Growing Up ... Tristan Thompson
March 7, 2012
They’ve always had talent, but what were the Cavaliers like before they became rich and gigantic and famous?
Cavaliers rookie forward Tristan Thompson took a circuitous route to the NBA – from Jamaica to Canada to Cleveland. The 20-year-old forward has seen his minutes increase after a busy and successful All-Star Weekend in Orlando. Now, the high-flying freshman looks to cement his status in Coach Byron Scott’s rotation.
In today’s Growing Up, the fresh-faced former Longhorn talks about his parents’ athletic prowess, the love of the game he developed at the Air Canada Centre and his high school days with Samardo Samuels …
My parents were considered … pretty athletic. My dad, he always played soccer.
My dad … was the soccer player. He played in Jamaica a little bit and in Canada. And my mom, she’s tall for a woman – she’s like 6-2. Back in the day, she ran track and field in Jamaica, but nothing professional.
Between them … they played zero basketball.
I fell in love with basketball … just watching the Toronto Raptors play. Watching Marcus Camby, Damon Stoudamire.
To be honest … it was more my uncle – my mom’s brother – and my aunt who turned me on to hoops. He was more into basketball and he’d take me to Raptors games. And then my dad started taking me with him. And I started falling in love with the game.
We’d go to the … Sprite Zone at the Air Canada Centre. It was at the top, all the way in the nose-bleed seats – $2 a ticket. That was a treat. And that’s how it started.
I have three … younger brothers, no sisters.
Yes, they all … love the basketball. The 16-year-old goes to school in North Carolina, and he’s pretty good. He’s a 6-4 guard. The other one’s seven, a young kid, but he loves to play basketball. He plays with the ten-year-olds – so he plays up. And the other one’s five. He doesn’t play basketball yet, but he will. He’ll probably be the tallest one out of all of us.
I was always … the tallest kid in my class. But about since the fourth grade, I grew like two or three inches every year. It was like constant and it didn’t really slow down until I got into the 11th grade.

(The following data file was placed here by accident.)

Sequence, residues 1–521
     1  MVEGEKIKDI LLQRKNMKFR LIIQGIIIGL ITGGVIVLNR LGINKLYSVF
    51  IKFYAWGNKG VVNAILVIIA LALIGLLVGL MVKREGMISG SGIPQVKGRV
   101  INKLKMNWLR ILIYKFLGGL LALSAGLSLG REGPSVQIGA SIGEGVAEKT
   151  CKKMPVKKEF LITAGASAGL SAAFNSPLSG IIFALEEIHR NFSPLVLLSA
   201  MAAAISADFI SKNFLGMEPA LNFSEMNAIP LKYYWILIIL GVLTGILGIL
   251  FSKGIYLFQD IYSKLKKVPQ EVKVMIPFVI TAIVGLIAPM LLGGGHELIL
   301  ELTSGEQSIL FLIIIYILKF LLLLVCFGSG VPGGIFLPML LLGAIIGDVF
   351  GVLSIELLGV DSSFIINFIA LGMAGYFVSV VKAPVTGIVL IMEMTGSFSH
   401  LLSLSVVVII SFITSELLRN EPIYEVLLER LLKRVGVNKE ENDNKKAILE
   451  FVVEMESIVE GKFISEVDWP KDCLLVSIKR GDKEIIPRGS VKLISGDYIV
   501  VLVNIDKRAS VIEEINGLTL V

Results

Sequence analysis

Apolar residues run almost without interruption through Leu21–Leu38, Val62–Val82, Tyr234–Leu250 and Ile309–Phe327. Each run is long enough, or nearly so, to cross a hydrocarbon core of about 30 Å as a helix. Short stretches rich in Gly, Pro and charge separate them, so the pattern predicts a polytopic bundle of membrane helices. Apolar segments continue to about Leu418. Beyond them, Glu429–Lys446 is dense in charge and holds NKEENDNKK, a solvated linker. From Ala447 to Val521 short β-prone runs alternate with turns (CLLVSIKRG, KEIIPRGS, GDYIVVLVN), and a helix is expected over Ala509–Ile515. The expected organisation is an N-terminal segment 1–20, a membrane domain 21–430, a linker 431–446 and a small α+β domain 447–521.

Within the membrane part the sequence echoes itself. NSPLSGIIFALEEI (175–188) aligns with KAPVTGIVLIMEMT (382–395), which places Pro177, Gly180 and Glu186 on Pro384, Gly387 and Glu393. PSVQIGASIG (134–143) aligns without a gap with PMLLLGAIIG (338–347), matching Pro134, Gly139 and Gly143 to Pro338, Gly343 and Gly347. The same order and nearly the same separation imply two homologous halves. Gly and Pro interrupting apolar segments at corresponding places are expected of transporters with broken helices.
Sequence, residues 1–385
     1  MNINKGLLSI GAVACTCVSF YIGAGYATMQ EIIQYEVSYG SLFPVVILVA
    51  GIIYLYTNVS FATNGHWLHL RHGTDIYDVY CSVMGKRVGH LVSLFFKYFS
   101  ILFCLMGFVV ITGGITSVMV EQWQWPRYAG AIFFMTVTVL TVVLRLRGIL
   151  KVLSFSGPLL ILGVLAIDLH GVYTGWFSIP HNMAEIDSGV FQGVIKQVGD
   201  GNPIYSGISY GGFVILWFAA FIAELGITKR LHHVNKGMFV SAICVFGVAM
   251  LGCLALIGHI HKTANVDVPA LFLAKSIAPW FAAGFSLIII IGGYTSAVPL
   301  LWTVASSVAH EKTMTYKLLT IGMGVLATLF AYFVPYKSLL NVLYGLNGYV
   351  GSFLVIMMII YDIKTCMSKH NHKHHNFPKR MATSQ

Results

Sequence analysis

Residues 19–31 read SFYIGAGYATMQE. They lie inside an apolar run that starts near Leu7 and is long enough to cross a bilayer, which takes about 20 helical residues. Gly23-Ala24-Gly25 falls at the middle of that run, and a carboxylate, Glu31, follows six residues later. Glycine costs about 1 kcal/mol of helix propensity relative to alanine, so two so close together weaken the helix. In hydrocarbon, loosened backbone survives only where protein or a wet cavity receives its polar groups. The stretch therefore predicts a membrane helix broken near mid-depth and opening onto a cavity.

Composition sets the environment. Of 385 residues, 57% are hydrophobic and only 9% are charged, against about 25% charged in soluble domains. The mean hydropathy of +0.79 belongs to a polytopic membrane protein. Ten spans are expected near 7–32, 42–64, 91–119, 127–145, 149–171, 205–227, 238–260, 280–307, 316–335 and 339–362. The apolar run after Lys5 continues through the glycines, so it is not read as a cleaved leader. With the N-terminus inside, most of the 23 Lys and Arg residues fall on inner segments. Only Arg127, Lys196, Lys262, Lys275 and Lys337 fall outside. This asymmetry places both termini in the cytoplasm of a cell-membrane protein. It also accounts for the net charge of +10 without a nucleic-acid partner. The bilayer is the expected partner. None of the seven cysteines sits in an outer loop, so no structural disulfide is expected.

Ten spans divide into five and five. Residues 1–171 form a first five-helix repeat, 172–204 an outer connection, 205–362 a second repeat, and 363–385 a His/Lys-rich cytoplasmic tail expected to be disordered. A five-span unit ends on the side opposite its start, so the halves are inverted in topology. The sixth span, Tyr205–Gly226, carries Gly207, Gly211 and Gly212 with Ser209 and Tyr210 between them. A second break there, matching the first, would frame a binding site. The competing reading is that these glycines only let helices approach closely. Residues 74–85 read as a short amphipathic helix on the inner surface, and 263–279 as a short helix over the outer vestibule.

The only other sport I played … was soccer. That’s the first sport I played. I played up until 8th grade. After that I just concentrated on basketball.
My most influential coach … growing up was my first coach, Tony McIntire – whose wife actually went to high school with my mom when she first came from Jamaica. So that’s where the connection was.
He was great … for me and taught me so much about the game. I’d get up early and call him to come work me out. And he was my coach, too. So it was like I wanted to play and he wanted to work me out. So it was a good relationship.
I first started believing I could play professionally … I think when I moved to the United States and saw how serious basketball was and how good I was compared to everyone else. You just came from Canada and you’re top five in the country; you’re young and everyone says you can be a pro. That’s when I started thinking: if I work hard, the dream can come true.
That’s around the time … that I was playing on the team with Samardo Samuels in the 10th grade.
I thought Samardo could … go pro, too. He shot the threes in high school and he was really athletic. He used to kill Greg Monroe – he had like 20 and 15 against him.
Of course I remember … my first dunk. It was in the 9th grade, I was playing varsity and we were playing a terrible team.
First of all … the courts were slippery, so I was almost afraid to jump. But they found me on a fastbreak – I cherry-picked, I leaked out – and I just caught it, and went with a two-hand, two-feet dunk. That was the dunk I did for a while until I was able to one-hand it.
I got it and … I crushed it. Everyone went crazy. My second one was in the regional playoffs at my home gym, so everyone went crazy because no one dunked at all. No one was dunking like me and I got like five dunks in that game. It was great! I just racked ‘em up!